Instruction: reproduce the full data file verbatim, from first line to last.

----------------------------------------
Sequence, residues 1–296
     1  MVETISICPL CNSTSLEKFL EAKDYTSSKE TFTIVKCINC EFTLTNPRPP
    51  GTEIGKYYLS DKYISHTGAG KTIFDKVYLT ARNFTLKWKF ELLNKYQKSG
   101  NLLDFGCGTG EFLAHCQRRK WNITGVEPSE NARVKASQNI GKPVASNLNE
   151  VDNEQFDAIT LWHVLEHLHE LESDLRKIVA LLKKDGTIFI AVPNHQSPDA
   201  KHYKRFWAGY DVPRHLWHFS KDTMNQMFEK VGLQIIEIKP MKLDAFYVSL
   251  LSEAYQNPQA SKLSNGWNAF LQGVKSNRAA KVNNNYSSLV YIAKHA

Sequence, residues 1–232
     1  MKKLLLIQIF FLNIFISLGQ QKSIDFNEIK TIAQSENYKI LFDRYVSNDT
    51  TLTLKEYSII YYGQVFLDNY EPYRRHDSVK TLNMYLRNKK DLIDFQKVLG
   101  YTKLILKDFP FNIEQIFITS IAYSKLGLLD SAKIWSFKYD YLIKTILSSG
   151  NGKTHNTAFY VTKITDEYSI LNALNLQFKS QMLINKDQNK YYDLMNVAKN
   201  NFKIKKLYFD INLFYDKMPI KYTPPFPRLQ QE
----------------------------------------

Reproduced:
Sequence, residues 1–296
     1  MVETISICPL CNSTSLEKFL EAKDYTSSKE TFTIVKCINC EFTLTNPRPP
    51  GTEIGKYYLS DKYISHTGAG KTIFDKVYLT ARNFTLKWKF ELLNKYQKSG
   101  NLLDFGCGTG EFLAHCQRRK WNITGVEPSE NARVKASQNI GKPVASNLNE
   151  VDNEQFDAIT LWHVLEHLHE LESDLRKIVA LLKKDGTIFI AVPNHQSPDA
   201  KHYKRFWAGY DVPRHLWHFS KDTMNQMFEK VGLQIIEIKP MKLDAFYVSL
   251  LSEAYQNPQA SKLSNGWNAF LQGVKSNRAA KVNNNYSSLV YIAKHA

Sequence, residues 1–232
     1  MKKLLLIQIF FLNIFISLGQ QKSIDFNEIK TIAQSENYKI LFDRYVSNDT
    51  TLTLKEYSII YYGQVFLDNY EPYRRHDSVK TLNMYLRNKK DLIDFQKVLG
   101  YTKLILKDFP FNIEQIFITS IAYSKLGLLD SAKIWSFKYD YLIKTILSSG
   151  NGKTHNTAFY VTKITDEYSI LNALNLQFKS QMLINKDQNK YYDLMNVAKN
   201  NFKIKKLYFD INLFYDKMPI KYTPPFPRLQ QE